Customer Service | Help | FAQ | PEP-Easy | Report a Data Error | About
Tip: To save a shortcut to an article to your desktop…

PEP-Web Tip of the Day

The way you save a shortcut to an article on your desktop depends on what internet browser (and device) you are using.

  • Safari
  • Chrome
  • Internet Explorer
  • Opera


For the complete list of tips, see PEP-Web Tips on the PEP-Web support page.

Peller, L. (1959). Poor Monkey. The Child in Literature: By Peter Coveney. London: Rockliff Publishers, 1957. 297 pp.. Psychoanal Q., 28:271-272.

(1959). Psychoanalytic Quarterly, 28:271-272

Poor Monkey. The Child in Literature: By Peter Coveney. London: Rockliff Publishers, 1957. 297 pp.

Review by:
Lili Peller

This is a study of childhood as it has been presented in literature written for adults from the late eighteenth to the early twentieth century. Among the authors discussed are: Blake, Wordsworth, Coleridge, Dickens, George Eliot, Lewis Carroll, Henry James, Forrest Reid, Mark Twain, Butler, Joyce, Virginia Woolf, D. H. Lawrence. Through the image of the child Blake and Wordsworth expressed something they considered of great significance and thus introduced an essentially new element into literature. 'Within the course of a few decades the child emerges from comparative unimportance to become the focus of an unprecedented literary interest.' For this development Coveney sees the following reasons: 'In childhood lay the perfect image of insecurity and isolation, fear and bewilderment, vulnerability and potential violation', emotions the authors themselves experienced. The author also discusses Freud's Infantile Sexuality and comments that in spite of Freud's destruction of the idea of childhood's innocence, his ideas were more in sympathy with the romantic assertion of childhood's importance and its vulnerability to social victimization than with the religious concept of the child's corrupt nature. Coveney goes on: 'The religious idea of the child's fallen nature (which if taken seriously is a much more total denial of innocence than Freud's) never roused such popular hostility as the idea of the child's sexual nature'. There is an extensive bibliography of literary criticism.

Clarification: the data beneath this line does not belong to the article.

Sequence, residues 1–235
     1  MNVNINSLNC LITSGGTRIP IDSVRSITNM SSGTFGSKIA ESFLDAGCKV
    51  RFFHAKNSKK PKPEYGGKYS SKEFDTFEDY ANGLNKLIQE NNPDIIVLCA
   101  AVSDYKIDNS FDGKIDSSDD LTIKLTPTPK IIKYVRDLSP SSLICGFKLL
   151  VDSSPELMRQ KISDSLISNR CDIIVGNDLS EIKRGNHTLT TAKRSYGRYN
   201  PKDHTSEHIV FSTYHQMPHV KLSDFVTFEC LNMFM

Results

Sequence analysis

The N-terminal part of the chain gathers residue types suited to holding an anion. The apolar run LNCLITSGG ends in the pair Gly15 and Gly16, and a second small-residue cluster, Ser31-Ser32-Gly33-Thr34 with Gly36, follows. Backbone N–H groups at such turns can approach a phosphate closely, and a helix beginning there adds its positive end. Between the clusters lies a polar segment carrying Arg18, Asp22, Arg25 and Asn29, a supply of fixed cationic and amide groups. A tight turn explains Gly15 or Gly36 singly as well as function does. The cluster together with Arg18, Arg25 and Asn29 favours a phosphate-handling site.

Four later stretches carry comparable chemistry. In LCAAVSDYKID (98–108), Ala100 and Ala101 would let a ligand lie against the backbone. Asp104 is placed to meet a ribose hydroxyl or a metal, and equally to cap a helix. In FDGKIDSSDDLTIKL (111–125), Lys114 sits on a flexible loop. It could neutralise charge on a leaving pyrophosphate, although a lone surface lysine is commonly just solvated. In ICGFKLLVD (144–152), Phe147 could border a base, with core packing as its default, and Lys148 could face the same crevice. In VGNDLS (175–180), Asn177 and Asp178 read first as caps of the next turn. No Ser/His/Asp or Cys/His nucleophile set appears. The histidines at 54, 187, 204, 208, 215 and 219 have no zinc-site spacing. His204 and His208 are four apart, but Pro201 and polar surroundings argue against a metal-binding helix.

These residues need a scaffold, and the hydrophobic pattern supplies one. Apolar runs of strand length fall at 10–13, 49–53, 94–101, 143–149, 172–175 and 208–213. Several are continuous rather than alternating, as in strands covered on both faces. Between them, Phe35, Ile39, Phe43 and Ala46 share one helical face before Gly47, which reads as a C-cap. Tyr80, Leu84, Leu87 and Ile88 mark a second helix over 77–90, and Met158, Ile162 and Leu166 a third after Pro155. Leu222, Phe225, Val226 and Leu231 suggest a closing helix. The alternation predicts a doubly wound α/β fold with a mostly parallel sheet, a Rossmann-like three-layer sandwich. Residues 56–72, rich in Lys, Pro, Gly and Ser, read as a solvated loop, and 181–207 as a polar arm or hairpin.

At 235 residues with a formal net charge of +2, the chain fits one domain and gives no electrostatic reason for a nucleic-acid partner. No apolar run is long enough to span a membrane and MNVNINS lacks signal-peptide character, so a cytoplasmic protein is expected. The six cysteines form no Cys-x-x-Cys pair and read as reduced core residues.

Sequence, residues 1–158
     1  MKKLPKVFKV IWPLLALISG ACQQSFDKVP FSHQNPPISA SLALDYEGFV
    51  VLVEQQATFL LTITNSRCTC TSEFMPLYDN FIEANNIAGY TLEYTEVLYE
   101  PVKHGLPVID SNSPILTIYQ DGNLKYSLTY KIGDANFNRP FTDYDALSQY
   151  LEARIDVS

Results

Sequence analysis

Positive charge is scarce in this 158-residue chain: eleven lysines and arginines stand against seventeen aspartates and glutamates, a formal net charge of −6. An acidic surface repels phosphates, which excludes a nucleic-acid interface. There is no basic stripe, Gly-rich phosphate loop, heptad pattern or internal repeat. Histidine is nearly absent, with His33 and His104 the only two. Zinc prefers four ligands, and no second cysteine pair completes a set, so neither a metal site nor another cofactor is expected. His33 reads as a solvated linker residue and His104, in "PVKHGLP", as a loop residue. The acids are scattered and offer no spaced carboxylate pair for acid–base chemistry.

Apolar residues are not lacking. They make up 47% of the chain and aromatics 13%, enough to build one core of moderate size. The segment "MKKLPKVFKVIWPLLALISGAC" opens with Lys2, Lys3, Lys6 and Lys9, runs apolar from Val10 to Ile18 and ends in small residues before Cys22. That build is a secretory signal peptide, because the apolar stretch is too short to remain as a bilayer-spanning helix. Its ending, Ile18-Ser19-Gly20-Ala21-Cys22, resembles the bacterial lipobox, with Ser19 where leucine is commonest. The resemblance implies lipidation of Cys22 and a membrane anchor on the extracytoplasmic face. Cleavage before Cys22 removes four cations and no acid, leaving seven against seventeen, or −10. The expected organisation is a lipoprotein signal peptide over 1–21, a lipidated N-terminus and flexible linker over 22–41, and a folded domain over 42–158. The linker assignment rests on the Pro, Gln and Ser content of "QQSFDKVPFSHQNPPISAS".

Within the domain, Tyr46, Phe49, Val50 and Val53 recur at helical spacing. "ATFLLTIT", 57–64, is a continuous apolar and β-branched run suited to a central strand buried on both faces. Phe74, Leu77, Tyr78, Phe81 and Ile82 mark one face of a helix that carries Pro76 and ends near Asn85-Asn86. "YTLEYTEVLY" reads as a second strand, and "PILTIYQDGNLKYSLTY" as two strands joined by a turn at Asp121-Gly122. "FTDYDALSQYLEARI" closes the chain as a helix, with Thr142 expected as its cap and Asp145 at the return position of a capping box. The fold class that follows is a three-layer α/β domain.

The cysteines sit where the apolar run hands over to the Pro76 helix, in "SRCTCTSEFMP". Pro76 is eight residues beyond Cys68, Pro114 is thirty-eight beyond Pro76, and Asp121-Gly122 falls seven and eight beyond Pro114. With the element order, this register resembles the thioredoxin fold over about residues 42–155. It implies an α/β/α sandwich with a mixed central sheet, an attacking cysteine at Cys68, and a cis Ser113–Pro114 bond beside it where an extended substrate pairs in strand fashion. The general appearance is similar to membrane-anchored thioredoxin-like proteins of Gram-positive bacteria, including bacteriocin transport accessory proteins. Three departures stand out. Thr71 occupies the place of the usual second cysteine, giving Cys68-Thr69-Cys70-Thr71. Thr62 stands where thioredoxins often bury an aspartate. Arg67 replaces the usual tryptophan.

[This is a summary or excerpt from the full text of the book or article. The full text of the document is available to subscribers.]

Copyright © 2020, Psychoanalytic Electronic Publishing, ISSN 2472-6982 Customer Service | Help | FAQ | Download PEP Bibliography | Report a Data Error | About

WARNING! This text is printed for personal use. It is copyright to the journal in which it originally appeared. It is illegal to redistribute it in any form.